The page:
BEIJING (Reuters) - China's Defense Ministry said on Thursday that it was unaware of any protest after a report that thousands of former soldiers staged a sit-in outside a major military base complaining about a lack of proper benefits and pensions.
U.S.-based Radio Free Asia said that hundreds were detained at the protest on Tuesday outside the Central Military Commission, which has overall command of the military, in Beijing.
Many of those involved were veterans of China's short border war with Vietnam in 1979 and the 1969 border conflict with the then-Soviet Union, the report said.
"I don't know about this situation you have mentioned," Defense Ministry spokesman Yang Yujun told a monthly news briefing, when asked about the protest and the veterans' complaints.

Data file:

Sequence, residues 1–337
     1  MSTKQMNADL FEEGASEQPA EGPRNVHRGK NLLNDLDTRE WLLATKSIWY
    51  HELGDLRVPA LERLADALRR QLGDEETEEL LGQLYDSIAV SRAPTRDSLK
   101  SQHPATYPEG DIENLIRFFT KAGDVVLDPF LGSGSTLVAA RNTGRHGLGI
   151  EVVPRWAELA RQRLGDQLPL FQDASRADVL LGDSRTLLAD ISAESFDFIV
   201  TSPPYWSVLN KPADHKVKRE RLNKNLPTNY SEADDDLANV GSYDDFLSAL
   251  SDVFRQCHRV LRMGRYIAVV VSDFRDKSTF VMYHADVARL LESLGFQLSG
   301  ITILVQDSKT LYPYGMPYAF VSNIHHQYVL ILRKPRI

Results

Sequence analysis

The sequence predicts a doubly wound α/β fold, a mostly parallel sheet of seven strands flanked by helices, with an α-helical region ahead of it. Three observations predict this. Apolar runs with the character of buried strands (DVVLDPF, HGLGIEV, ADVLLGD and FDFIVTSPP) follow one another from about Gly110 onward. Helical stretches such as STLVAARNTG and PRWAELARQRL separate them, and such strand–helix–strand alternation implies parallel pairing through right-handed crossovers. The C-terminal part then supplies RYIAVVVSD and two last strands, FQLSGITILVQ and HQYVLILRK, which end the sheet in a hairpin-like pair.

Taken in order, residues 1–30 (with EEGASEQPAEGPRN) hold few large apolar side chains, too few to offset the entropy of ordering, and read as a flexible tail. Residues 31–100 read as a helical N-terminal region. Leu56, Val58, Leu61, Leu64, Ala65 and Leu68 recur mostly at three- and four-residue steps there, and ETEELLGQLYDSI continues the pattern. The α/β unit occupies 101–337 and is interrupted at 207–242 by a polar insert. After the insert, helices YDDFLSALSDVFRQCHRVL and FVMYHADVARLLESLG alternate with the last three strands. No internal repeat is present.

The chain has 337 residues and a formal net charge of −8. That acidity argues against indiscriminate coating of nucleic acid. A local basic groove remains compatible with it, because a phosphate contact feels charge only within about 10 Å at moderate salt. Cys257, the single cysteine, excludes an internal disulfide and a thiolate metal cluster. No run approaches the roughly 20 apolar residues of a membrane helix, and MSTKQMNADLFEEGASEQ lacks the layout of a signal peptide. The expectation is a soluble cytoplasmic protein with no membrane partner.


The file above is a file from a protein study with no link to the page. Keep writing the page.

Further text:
Tens of thousands of "mass incidents" - the usual euphemism for protests - occur each year in China, triggered by corruption, pollution, illegal land grabs and other grievances, unnerving the stability-obsessed ruling Communist Party.
Many people try to use "petitions" to bypass the legal system and directly bring complaints to the attention of government officials, a process that dates back to imperial times, though some cases do end up in court.
Few cases ever get resolved though, and petitioners can stage noisy protests out of frustration.
China has the world's largest military and the government of President Xi Jinping is pumping billions of dollars into an impressive modernization program, including aircraft carriers, anti-satellite missiles and stealth jets.
Reporting by Ben Blanchard; Editing by Nick Macfie